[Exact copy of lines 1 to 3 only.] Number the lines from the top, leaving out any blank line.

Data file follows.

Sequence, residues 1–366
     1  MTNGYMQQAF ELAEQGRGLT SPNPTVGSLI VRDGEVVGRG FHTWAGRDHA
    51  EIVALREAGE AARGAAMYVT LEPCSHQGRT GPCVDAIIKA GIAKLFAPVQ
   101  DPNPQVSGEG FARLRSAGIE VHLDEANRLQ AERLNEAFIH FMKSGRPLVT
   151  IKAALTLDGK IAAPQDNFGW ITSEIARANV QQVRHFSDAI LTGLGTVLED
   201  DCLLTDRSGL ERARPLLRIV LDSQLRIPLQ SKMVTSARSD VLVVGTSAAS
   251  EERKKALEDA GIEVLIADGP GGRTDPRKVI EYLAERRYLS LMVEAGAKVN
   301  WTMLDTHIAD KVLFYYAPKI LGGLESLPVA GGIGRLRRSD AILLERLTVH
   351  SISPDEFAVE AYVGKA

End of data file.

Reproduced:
Sequence, residues 1–366
     1  MTNGYMQQAF ELAEQGRGLT SPNPTVGSLI VRDGEVVGRG FHTWAGRDHA
    51  EIVALREAGE AARGAAMYVT LEPCSHQGRT GPCVDAIIKA GIAKLFAPVQ